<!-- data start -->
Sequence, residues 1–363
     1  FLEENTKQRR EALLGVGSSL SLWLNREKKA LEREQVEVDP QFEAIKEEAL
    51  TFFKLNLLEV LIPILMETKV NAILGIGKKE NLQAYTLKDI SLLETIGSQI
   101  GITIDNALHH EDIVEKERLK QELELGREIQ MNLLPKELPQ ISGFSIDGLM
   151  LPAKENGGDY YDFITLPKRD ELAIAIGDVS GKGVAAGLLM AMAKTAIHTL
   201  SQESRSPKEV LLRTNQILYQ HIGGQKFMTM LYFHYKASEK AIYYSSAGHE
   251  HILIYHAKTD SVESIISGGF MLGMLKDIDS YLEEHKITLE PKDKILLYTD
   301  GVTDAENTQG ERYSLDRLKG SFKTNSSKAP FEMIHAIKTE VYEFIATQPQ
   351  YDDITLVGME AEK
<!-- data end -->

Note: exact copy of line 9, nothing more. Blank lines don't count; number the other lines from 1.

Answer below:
   351  YDDITLVGME AEK